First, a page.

In the months after giving birth, I felt the deep truth of the fact that I was not fully separate from my children. And yet, as they have grown, we have each gone through periods of differentiation, of reasserting the boundaries of self. My children no longer exist primarily in a carrier or in my arms; they are no longer solely dyadic extensions of me. They go to school, they have thoughts and experiences and dreams and feelings and wishes that I am not witness to, and that they navigate with peers and teachers and the many other people who populate their life. They have relationships that are their own.

So, too, with my novel. For many years I worked in private tandem with the novel, with my own creative process. In the months since I signed my book deal, however, I have begun to experience the way my creative process—a process of unfolding, refining, listening, and responding—is being transmuted into an object, into something that will go out into the world, into the public sphere, and there take on a life of its own. We are differentiating, my book and I, and soon it will be in relationship with others, with readers who will encounter it as themselves, and form judgments, connections, and opinions about it that are distinct from my own.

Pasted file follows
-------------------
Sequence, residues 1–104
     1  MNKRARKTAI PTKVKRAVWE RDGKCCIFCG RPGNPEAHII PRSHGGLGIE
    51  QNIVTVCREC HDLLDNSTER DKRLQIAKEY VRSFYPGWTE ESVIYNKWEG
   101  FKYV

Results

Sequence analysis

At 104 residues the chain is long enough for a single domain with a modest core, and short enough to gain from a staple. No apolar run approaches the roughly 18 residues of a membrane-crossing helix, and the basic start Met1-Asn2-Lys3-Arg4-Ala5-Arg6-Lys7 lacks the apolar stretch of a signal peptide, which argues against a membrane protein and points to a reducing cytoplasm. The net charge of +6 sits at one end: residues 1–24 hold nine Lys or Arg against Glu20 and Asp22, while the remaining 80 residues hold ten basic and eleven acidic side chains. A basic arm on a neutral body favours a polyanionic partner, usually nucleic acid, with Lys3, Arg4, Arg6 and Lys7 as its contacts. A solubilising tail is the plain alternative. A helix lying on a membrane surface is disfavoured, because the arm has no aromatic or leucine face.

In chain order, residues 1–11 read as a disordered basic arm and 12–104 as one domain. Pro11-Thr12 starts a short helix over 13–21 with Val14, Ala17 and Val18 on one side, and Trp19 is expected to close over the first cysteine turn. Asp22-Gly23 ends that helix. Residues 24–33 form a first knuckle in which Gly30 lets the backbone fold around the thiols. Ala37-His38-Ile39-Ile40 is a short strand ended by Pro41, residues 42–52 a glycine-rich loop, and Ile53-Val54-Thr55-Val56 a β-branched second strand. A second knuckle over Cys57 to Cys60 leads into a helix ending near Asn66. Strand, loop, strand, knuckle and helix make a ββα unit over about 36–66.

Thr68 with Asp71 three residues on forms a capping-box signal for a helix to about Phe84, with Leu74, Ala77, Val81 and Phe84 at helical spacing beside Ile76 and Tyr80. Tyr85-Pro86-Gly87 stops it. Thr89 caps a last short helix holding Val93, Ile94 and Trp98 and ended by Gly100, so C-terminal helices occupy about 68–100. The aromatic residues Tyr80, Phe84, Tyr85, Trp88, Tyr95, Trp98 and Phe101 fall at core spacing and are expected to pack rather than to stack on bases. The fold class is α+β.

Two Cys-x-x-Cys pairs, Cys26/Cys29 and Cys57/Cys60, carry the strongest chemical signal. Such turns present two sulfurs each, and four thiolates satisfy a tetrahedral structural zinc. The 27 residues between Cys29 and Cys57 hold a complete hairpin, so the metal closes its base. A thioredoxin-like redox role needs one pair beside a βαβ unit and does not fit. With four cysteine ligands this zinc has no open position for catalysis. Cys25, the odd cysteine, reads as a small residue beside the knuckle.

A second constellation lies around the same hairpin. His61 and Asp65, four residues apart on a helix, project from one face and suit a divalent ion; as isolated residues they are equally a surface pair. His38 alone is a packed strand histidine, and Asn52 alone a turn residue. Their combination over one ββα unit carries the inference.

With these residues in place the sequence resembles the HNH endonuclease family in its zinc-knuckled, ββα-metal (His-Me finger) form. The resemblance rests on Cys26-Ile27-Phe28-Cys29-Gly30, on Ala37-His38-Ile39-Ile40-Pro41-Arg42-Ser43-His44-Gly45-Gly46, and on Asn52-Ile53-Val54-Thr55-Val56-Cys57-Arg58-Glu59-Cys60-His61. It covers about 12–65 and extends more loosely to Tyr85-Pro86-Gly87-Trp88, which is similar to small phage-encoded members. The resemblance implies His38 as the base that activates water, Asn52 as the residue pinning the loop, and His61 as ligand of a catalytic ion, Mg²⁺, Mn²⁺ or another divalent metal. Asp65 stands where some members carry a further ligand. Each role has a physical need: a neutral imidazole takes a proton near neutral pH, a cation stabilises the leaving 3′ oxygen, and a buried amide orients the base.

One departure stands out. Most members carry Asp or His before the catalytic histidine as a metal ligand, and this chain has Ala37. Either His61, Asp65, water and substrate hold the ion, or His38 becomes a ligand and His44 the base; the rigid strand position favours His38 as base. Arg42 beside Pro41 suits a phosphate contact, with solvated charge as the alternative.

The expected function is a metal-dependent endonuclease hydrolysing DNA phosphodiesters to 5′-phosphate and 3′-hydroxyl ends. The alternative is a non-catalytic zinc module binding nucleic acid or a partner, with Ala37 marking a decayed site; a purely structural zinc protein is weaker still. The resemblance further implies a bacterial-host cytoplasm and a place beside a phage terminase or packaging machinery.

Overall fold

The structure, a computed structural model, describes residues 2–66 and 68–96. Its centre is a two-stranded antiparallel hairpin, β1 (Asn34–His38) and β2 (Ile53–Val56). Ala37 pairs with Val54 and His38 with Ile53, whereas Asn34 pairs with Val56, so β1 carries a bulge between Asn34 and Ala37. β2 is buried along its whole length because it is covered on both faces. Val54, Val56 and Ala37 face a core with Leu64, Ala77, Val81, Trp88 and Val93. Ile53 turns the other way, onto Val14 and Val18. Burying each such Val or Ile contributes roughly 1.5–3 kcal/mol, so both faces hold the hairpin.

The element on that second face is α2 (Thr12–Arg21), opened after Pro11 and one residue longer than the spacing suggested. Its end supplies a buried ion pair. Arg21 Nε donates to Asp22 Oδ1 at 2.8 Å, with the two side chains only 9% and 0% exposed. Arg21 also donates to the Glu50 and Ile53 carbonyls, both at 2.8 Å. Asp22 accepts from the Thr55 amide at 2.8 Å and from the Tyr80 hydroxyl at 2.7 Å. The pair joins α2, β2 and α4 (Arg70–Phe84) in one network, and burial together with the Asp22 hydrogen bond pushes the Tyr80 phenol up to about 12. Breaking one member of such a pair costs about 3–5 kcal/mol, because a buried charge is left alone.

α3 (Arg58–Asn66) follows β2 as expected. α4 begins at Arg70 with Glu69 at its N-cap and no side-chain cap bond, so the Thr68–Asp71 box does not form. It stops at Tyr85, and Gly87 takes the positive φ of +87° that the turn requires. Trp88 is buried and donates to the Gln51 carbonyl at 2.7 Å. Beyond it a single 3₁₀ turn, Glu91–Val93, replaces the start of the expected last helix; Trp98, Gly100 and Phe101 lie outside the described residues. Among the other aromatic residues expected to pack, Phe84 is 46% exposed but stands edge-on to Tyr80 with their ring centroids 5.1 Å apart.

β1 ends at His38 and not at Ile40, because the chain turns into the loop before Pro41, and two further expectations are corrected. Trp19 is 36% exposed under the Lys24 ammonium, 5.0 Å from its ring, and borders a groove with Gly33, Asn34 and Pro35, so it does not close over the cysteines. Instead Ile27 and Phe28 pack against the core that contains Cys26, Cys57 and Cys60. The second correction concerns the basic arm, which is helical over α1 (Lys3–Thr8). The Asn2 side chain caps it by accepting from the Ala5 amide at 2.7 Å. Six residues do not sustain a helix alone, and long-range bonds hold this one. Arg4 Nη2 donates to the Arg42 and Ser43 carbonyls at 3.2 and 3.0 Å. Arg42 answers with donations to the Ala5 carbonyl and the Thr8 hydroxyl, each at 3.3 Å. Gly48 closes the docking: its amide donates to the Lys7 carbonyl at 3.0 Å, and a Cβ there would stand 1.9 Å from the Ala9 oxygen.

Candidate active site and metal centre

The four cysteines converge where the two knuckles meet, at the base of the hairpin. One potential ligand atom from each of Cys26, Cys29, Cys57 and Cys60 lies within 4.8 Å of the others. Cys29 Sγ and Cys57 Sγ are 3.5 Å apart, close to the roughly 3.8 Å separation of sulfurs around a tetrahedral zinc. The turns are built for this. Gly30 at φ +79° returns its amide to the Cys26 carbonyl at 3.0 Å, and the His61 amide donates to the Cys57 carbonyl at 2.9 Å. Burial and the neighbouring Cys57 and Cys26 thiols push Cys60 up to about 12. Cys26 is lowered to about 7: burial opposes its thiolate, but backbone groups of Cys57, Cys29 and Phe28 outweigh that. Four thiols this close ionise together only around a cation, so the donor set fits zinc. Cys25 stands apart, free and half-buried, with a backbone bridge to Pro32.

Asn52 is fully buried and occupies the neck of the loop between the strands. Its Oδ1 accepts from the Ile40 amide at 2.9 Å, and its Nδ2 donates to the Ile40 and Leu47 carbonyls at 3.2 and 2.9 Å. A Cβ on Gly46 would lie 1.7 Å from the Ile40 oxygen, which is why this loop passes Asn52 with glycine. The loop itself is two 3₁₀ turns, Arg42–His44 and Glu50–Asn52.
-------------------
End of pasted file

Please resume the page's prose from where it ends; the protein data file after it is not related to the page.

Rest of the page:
Motherhood’s value has often been located in the fact that the children we are mothering will eventually become citizens of the larger society. Similarly, a book on its publishing journey—as I have newfound understanding and appreciation for—ultimately becomes a commodity. The publishing industry measures a book’s success in sales, and even my chance at publishing another book in the future may rest on the sales numbers of my first. In these months of preparing for my book’s launch, of asking bookstores and libraries to stock my book, and friends and family to pre-order, I have been struck by my own doubts of its inherent worth. To ask people to buy it, to spend money on it, has necessarily sent me diving into questions of its value: Will this book change your life? Must it be read? Will you like it? I don’t know.

For many years, my primary world has been the private, domestic, intimate world of mothering little children and writing and rewriting and editing a novel. A hidden world.